When speaking about the Chinese language, one of the most disturbing “facts” is that there is no alphabet. “So how do they do it? Is every word different? And how do they remember how it is written?”
It’s not easy to respond to these and other similar questions without understanding a little bit more about Chinese writing. In this article I will try to speak about the “alternative” system to the alphabet, that of radicals: perhaps, after having read it, you too will better understand the logic behind the Chinese language!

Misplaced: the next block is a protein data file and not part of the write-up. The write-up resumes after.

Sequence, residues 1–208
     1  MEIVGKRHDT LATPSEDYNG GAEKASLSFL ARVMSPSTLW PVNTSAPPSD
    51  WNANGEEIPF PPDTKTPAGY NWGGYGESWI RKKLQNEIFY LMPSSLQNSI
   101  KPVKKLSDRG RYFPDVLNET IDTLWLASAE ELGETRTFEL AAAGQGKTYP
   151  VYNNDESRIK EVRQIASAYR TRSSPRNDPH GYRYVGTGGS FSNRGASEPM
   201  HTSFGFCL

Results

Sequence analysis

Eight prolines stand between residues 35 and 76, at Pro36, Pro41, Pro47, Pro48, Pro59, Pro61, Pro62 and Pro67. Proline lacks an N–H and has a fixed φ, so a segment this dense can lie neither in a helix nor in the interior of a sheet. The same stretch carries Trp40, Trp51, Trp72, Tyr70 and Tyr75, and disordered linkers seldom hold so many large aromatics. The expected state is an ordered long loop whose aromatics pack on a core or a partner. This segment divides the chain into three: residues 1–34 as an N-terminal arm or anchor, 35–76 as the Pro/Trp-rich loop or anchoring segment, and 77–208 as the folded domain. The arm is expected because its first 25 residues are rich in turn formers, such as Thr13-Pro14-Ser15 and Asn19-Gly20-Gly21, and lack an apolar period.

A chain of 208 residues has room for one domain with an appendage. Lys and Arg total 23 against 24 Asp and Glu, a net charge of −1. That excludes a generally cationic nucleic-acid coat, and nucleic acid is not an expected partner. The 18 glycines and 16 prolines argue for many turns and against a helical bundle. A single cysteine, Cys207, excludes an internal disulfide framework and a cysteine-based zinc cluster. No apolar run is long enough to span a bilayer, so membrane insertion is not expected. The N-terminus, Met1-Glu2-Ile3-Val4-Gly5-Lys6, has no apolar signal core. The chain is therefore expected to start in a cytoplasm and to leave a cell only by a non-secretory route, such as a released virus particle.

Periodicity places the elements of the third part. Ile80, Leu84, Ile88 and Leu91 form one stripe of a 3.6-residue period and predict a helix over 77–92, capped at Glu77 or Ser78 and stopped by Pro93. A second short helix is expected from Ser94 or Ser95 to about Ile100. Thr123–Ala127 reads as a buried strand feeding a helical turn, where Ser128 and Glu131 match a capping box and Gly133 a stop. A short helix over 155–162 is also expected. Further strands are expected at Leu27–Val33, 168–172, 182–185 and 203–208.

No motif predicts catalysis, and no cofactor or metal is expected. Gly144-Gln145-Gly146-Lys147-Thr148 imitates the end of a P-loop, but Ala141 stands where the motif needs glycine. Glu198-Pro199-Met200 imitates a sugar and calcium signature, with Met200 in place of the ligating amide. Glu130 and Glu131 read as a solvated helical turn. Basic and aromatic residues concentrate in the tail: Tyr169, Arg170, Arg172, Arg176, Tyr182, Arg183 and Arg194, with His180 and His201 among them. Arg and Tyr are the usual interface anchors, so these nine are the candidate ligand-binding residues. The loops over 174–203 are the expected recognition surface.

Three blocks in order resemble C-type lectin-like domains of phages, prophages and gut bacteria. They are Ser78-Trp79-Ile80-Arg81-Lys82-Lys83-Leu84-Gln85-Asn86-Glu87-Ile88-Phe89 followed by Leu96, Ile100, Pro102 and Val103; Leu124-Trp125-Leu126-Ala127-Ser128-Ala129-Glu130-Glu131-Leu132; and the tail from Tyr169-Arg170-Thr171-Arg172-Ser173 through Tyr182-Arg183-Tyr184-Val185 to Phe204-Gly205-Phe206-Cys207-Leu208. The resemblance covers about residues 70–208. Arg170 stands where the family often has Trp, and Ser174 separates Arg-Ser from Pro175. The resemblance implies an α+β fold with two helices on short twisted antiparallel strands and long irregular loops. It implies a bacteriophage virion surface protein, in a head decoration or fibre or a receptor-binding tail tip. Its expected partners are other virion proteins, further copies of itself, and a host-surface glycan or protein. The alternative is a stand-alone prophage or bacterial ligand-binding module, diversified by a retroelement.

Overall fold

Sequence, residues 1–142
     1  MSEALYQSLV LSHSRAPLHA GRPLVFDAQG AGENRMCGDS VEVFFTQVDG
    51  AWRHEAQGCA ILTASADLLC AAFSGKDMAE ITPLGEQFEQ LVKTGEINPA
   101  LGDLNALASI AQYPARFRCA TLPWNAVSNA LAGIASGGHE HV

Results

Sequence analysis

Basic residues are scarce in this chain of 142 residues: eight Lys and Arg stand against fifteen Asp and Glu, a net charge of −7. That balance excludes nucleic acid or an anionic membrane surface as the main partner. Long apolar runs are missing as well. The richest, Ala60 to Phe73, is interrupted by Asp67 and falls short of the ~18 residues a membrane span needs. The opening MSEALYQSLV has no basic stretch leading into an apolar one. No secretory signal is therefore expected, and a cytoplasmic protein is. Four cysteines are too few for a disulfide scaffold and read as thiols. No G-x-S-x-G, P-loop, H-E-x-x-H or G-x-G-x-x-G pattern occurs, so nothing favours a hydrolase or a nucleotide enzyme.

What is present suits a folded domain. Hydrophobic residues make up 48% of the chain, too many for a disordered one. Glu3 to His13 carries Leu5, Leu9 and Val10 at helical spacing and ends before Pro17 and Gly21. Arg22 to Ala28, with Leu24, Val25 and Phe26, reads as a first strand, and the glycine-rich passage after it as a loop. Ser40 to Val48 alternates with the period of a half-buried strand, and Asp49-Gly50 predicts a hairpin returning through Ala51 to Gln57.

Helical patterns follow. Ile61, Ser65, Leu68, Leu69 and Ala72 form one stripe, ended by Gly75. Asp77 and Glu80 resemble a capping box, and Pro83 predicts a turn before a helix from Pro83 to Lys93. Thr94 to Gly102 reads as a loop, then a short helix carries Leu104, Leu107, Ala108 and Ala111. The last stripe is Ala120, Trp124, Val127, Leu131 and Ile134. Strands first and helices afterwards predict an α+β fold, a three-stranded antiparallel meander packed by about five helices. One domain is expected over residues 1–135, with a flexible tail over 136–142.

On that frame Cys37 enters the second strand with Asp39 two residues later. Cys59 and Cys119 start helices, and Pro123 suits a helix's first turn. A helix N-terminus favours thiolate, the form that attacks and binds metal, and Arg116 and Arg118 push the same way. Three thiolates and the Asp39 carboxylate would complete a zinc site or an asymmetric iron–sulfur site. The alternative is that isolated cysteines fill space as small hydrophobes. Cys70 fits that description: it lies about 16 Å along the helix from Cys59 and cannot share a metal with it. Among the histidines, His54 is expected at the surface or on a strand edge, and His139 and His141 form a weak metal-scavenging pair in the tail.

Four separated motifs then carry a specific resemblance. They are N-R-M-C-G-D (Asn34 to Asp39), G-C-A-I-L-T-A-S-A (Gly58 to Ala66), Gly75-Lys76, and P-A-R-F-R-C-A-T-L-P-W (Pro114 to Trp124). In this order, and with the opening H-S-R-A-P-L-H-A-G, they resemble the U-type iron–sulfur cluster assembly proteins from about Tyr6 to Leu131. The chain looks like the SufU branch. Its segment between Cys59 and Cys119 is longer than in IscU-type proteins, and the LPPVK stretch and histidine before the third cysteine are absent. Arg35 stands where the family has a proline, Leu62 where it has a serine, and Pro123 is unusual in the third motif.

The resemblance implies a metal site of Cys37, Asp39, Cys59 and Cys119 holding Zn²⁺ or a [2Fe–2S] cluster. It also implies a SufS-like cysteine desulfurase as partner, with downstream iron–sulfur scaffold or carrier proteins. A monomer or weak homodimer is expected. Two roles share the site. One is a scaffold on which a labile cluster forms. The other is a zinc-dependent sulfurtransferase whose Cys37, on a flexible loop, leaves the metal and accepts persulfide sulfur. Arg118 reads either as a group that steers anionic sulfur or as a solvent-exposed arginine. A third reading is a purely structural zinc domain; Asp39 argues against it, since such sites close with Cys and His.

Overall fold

The radicals – Index
The smallest unit
What is the smallest unit of the Chinese language? For us it is the letter: a graphic symbol that indicates a sound (technically called a phenome). This makes English (along with Italian, Spanish, and German) an alphabetical language.
The smallest unit of the Chinese language is the syllable: this means that the characters (the units of writing that have the same function of our letters), in Chinese 汉字 (Hànzì, “Han characters”), correspond not to a single sound but to a syllable – making Chinese a syllabic language. [Read more…]